“Polly. I’ve left for you these things to think about. I hope this can finally put to bed the issues between us.” Sophie scrolled through the cordially written list pinned up on the kitchen noticeboard. Polly wasn’t around, but Sophie thought it her responsibility, no, obligation, to be fully aware of everything that was going on in their fair household. Also, that it was a tad bitchy to leave a note addressed to Polly airing out their dirty laundry in public. She umm’d and err’d for a few seconds more before unpinning it from the wall, taking a pen to the back of it, scribbling down a humble message for Nola and then taking it upstairs and slipping it under her door.
It’d been too long since the argument began between Polly and Nola that seemed wanting to engulf the rest of the house. Sophie and Emmie were not about to be pulled into a situation that didn’t belong to them. They tried to talk to them separately, to get them to just sort out their issues rather than simply shouting about them, but there was to be no success and soon after, no motivation to help further.
Sitting in her room, drawing a scene from one of the many books she’d read, Sophie thought about all the arguments she’d had with people. The proper ones. The big ones that mean days of avoidance and grim faces all around. The fact is, she couldn’t think of any. She was even great at avoiding lover tiffs. Danny was great, they had good communication. Of course, she realised it was a rare trait of fantasticness she had, but she was having trouble comprehending how this particular incident had lasted as long as it had. She wasn’t a slick talker, but she didn’t say anything that was stupid either. What did she do if she could tell someone was becoming annoyed with her actions? Well, she usually took a step or two back, apologised for any agitation and then would walk away. Surely that was the way to solve these things? Just accept them for what they are, apologise and have done?
Unfortunately, the thoughts had drained her attention. The picture turned out rubbish and she scrunched it up and threw it away. This wasn’t the first time, by far, but she very rarely threw away a picture. They were always worth keeping, just for the effort that went into them at any rate.
Whilst Nola wasn’t being very welcoming of a solution that wasn’t her own, Polly wasn’t exactly on great form either. A few days ago, she stormed into the house early after a ‘night’ out. No reason given. Just a furious tone and a slamming of the door. She kept her appearances to the rest of the house to the barest minimum. It wasn’t completely uncharacteristic of her at this point, but it did seem like she was finally bucking this reclusive trend. Obviously something had got to her, but without knowing it, no help could be offered.
Sophie looked around her room. A bookcase filled with more books than could actually hold it, with the extras leaning against it or balanced precariously on top. The roof that was her large bed kept her art supplies out of the way. No posters, just print-outs of pictures she liked the look of, photographs some people had sent her that she enjoyed having around, as well as a few of her drawings. They would all come down soon when she moved out. This little space she had carved out for herself wasn’t really hers, not to begin with. The realisation was not wanted. Her and Danny would last past uni, this much they had already established, but the gap between where they lived was not at all welcome. It didn’t bare thinking about.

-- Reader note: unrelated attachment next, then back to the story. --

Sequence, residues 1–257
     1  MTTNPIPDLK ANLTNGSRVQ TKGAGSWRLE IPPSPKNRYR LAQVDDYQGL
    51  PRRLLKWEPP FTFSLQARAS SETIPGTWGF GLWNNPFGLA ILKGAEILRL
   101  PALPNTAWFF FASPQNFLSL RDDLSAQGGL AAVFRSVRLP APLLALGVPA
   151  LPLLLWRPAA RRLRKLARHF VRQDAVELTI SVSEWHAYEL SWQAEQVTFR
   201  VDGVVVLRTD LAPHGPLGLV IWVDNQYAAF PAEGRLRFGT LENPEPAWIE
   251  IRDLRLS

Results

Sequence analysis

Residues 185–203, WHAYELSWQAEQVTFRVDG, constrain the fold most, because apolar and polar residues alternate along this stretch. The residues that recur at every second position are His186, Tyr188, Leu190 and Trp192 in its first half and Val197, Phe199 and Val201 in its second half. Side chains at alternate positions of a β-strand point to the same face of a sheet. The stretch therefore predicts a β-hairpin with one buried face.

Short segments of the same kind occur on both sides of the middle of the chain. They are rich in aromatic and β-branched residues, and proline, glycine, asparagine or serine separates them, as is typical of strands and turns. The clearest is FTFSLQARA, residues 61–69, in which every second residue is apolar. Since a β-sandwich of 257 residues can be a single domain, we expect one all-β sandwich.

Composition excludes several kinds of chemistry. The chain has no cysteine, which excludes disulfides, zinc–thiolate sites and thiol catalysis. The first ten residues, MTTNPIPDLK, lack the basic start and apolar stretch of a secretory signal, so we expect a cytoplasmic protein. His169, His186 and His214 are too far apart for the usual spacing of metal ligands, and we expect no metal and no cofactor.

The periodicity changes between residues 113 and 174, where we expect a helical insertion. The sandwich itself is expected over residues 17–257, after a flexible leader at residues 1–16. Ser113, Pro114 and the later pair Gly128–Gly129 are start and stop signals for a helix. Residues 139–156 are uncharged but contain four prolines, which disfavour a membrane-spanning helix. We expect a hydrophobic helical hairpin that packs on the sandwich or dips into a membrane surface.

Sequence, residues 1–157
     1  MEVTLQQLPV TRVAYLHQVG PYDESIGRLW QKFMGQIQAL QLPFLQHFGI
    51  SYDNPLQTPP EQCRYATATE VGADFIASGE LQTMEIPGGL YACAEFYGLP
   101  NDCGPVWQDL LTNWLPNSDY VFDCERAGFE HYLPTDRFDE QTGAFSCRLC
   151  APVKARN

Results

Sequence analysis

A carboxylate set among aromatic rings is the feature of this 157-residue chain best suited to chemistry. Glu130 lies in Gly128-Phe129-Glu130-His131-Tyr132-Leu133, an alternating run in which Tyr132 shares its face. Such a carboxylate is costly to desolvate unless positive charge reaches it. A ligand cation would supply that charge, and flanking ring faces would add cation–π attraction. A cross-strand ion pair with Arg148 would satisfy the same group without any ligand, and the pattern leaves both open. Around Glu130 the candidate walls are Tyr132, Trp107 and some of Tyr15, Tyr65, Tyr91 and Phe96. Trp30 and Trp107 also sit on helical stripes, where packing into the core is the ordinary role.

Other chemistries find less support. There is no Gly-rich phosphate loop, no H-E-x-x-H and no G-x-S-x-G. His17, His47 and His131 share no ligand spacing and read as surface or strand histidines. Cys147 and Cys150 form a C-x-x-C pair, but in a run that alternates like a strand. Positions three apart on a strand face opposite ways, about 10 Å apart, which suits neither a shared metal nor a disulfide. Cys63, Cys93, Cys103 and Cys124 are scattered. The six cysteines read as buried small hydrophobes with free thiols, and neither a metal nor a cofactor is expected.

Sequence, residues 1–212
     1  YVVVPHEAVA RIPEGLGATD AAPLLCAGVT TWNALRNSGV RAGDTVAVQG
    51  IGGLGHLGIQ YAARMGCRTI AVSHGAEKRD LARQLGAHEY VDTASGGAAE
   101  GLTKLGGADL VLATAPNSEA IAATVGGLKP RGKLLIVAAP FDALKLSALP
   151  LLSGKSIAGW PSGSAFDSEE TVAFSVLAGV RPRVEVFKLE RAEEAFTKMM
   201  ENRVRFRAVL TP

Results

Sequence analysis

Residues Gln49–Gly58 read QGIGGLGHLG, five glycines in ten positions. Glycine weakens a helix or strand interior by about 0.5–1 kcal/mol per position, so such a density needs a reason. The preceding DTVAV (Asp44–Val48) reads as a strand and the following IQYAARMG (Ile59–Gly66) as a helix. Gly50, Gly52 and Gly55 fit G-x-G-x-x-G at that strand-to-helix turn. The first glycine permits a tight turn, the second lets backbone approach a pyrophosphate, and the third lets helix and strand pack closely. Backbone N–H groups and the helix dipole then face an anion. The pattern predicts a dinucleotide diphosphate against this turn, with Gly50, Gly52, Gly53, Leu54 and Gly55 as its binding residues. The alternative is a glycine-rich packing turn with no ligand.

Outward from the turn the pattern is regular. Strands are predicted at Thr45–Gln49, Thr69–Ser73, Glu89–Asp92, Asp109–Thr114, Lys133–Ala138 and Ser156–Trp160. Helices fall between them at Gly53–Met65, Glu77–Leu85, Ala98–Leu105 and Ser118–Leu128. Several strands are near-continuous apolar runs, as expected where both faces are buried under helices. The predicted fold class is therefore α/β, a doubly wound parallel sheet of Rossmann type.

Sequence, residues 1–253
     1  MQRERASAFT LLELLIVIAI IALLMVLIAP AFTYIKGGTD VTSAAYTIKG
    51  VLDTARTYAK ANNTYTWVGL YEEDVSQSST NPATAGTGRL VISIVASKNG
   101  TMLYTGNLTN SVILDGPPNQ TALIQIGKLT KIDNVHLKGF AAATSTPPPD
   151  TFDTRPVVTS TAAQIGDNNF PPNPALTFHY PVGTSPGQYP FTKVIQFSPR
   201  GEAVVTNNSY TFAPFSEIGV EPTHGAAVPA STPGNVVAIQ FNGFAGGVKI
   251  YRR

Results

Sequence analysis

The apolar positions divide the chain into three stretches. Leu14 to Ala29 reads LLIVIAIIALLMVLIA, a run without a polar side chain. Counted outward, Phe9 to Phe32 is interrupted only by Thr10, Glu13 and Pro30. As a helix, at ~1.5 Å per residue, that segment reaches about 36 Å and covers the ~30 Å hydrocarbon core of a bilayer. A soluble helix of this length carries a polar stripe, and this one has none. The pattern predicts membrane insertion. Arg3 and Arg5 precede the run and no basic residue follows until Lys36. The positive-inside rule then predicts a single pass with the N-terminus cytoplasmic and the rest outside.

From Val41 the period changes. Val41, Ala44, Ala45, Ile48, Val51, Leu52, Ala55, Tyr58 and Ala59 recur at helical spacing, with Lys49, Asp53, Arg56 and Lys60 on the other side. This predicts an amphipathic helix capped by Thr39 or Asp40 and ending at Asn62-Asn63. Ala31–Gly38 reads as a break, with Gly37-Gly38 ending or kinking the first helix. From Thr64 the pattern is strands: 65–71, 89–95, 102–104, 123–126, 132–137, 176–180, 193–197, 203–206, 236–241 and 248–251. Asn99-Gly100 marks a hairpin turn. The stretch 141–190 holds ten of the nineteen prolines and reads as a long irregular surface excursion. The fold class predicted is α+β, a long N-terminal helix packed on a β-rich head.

There was nothing else to do. No new books to read, no-one in the house to talk to, not even anything on TV. Checking e-mails was only productive the first time. Sophie was at her wit’s end. Fortunately, the front door opened and closed with a swiftness telling only of Emmie. This was good, at least. Someone to talk to. Nope. Emmie had little to say. She was mentally preparing herself to dump her boyfriend before going out and doing just that. Sophie sighed and returned to her room. She felt a bit useless. These quiet days, where nothing is going on, but you don’t really feel compelled to do anything to alleviate this. She laid down on her bed, looking around and soaking in the inevitable. She had to think about moving out sooner or later, might as well do it now.
She formulated a plan in her head then followed it through, with a military-like precision. Scrapes of blue-tac were collected for re-use, papers neatly arranged in piles of pictures and photographs. The room’s personality had shrunk dramatically. This was never her room, but now it was closer to how it was when she moved in, with the odd bits of colour from the bedding, desk materials and books providing any remaining character. Shoes, coats, well they were all kept out of way. It was a tidy room. It was when she moved in, it was when she lived in it, it will be when she leaves. A tidy room for a tidy soul. With that, a sadness swept over her, one that had been brewing since she awoke that day. She sat down on her bed, looked down at her feet, then moved to lie down curled up and started to weep. Sophie had explained and demonstrated her personality in her room and over the last few years had really understood who she had become, yet in the coming weeks it was going to be taken away from her as she returned to something old and stale.
True, Sophie hadn’t had any significant arguments, but she was having a constant fight with time and she felt like she was always losing.
[To the next entry: Fisticuffs At Night]